Tuesday, April 23, 2013

5 Love Languages


Owe nothing to anyone—except for your obligation to love one another.  If you love your neighbor, you will fulfill the requirements of God’s law.

Let us think of ways to motivate one another to acts of love and good works.

Have you heard of the 5 Love Languages?  It is a great book written by Gary Chapman
about how to succeed in our relationships but loving others and not having to say the words “I love you”.  You can learn more about this book and the awesome concepts by going to this website www.5lovelanguages.com.

I have used this books and it’s teaching through counseling and helping people prepare for marriage for about 19 years.  Many of those people have found help when relationships get stale or difficult.  It has been proven to be something that helps couples stay strong or to even reconnect.  It isn’t a miracle drug or a quick fix.  In fact that the 5 Love Languages really do is help you learn someone else’s language.

It is very difficult and almost impossible to communicate with someone who doesn’t speak the same language that you do.  You have to use an interpreter or some kind of tool to allow you to talk to that person.

Here are the 5 Love Languages and what they are about:

Words of Affirmation unsolicited encouragement and compliments.  Saying, “I love you,” is important but hearing the reasons behind that love sends your spirits skyward. Insults leave you shattered and are not easily forgotten.

Quality Time — it is undivided attention, being there for this person is critical, really be there.  Turn off the TV, put down the fork and knife down… makes your someone feel truly special and loved. Distractions, postponed dates, or the failure to listen can be especially hurtful.

Receiving Gifts the receiver of gifts thrives on the love, thoughtfulness, and effort behind the gift, believe you are cared for.  A missed birthday, anniversary, or a hasty, thoughtless gift would be disastrous.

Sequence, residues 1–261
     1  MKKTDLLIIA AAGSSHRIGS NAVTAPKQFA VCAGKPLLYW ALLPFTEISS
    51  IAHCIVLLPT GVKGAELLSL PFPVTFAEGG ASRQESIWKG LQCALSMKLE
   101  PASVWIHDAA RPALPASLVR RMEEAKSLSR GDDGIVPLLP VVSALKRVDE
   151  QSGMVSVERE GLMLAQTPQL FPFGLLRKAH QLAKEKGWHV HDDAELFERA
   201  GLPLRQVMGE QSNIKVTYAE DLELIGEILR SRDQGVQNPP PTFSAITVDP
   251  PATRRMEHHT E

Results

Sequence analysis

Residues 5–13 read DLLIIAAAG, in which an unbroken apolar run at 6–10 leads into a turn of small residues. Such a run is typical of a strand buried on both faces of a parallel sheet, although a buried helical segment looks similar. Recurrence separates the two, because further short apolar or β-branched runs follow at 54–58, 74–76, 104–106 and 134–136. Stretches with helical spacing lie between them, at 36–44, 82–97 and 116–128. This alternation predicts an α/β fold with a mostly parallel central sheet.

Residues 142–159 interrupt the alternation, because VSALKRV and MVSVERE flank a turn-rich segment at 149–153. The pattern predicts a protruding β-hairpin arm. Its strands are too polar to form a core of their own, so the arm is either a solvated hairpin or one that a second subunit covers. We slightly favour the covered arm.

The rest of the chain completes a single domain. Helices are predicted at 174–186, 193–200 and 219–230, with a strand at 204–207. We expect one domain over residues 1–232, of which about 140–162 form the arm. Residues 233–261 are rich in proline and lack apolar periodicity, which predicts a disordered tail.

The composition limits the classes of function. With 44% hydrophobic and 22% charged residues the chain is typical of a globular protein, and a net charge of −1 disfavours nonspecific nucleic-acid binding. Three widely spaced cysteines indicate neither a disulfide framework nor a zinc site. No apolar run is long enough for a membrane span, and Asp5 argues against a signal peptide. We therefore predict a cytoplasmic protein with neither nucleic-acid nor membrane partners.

Acts of Service Anything you do to ease the burden of responsibilities weighing another person will speak volumes.  Laziness, broken commitments, and making more work for them, tell those with this language their feelings don’t matter.

Physical Touch — not all about the bedroom.  They are very touchy. Hugs, pats on the back, holding hands, and thoughtful touches on the arm, shoulder, or face—they can all be ways to show excitement, concern, care, and love.  Physical presence and accessibility are crucial, while neglect or abuse can be unforgivable and destructive.

By learning what someone’s love language is you break through their exterior or through a person’s pain to where they feel or are sensitive.  I will use my wife as an example, and I think she is an incredible lady all together.  Her love languages are “quality time” and “acts of service”.  So when I chose to spend that time with her or do things to serve her she knows that I really love her.  Sitting on the couch and just saying “I love you” isn’t enough.  Married people have to connect on other levels as well.

In fact Zig Ziglar said, “to get what you want help someone else get what they want.”  By serving others we learn how relationships really work.  Marriage is much the same way.  Study the person you love.  Get to know what they like and what makes them happy.  Taking the time to learn and applying what you learn will make a difference in your relationship. 

Don’t be selfish; don’t try to impress others.  Be humble, thinking of others as better than yourselves.  Don’t look out only for your own interests, but take an interest in others, too.

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